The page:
What Parents Should Know About the ‘100 Deadliest Days of Driving’

Keep your kids safe this summer by talking about distracted driving.If you are the parent of a teenager with access to a vehicle, you should pay close attention to this blog post. You may be unaware that Memorial Day is the start of what traffic safety experts refer to as the 100 Deadliest Days of Driving for teenagers.

AAA’s Foundation for Traffic Safety has kept annual statistics on the number of car crashes involving teenagers during this ‘100 days’. According to AAA, from 2010 to 2014, more than 5,000 teenagers lost their lives during the 100 deadliest days. These numbers amount to a 16 percent increase in car crashes starting on Memorial Day and lasting throughout the summer. Many of these crashes are preventable. AAA claims 60 percent of these crashes are caused by distracted drivers.

Why are teenage drivers more likely to be involved in collisions during this time of year? Many teenagers are out of school and on the roads during summer. Summer driving is more likely to be for recreational purposes. Teenage drivers during the summer months are also more likely to have passengers who cause distractions.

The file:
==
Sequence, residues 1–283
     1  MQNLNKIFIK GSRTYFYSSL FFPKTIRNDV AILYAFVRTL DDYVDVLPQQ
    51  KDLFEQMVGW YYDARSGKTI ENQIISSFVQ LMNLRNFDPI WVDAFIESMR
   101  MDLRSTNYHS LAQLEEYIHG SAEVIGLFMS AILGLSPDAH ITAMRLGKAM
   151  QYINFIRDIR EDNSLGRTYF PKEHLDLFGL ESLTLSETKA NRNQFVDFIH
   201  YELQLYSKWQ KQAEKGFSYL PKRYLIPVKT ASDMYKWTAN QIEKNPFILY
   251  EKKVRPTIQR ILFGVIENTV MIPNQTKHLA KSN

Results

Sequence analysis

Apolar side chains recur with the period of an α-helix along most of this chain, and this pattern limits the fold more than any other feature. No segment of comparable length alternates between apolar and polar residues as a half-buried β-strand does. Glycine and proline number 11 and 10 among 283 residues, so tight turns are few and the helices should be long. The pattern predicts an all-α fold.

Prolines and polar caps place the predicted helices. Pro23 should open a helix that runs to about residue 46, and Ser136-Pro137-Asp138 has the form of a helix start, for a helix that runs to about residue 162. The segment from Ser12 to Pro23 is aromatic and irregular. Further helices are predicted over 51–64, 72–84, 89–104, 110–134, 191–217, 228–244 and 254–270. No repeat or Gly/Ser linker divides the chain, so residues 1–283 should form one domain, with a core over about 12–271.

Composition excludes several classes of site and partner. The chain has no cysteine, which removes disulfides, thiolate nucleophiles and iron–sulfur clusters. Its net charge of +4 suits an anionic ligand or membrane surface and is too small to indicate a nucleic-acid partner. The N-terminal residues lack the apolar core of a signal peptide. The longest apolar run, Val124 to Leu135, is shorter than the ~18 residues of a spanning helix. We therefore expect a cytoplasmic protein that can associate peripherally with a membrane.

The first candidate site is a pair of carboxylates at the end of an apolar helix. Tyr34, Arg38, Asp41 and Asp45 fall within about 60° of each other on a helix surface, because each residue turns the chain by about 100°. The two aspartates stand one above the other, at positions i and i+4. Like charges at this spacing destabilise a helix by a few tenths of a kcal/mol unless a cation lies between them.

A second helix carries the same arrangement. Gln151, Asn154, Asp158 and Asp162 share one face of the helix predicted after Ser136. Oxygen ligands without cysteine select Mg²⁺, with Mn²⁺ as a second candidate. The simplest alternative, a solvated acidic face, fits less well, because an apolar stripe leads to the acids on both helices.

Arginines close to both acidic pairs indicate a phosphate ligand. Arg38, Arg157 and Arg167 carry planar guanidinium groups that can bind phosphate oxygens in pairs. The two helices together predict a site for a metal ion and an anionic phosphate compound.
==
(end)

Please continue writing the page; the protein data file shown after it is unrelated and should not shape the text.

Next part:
Can Parents Stop Their Children from Distracted Driving?

If you are a parent, there are ways you might be able to reduce the risk of your child being involved in a car crash during the ‘100 Deadliest Days of Driving’.

Set an example: Children learn behaviors from their parents. Never text, eat or groom while driving, as children can pick up bad driving habits from you.

Check into ‘safe driving apps’: Apps such as Drive Safe Mode, Cellcontrol and SafeDrive can block teenage drivers from texting, sending emails and using apps.

Simply to talk your children: Parents should sit down and discuss potential consequences associated with distracted driving. Keep in mind that distracted driving is not always caused by texting or app use. In fact, other passengers are the biggest distraction for teenage drivers.

Distracted driving crashes are not always fatal, and some survivors may suffer from permanent health complications such as traumatic brain injury or disfigurement.



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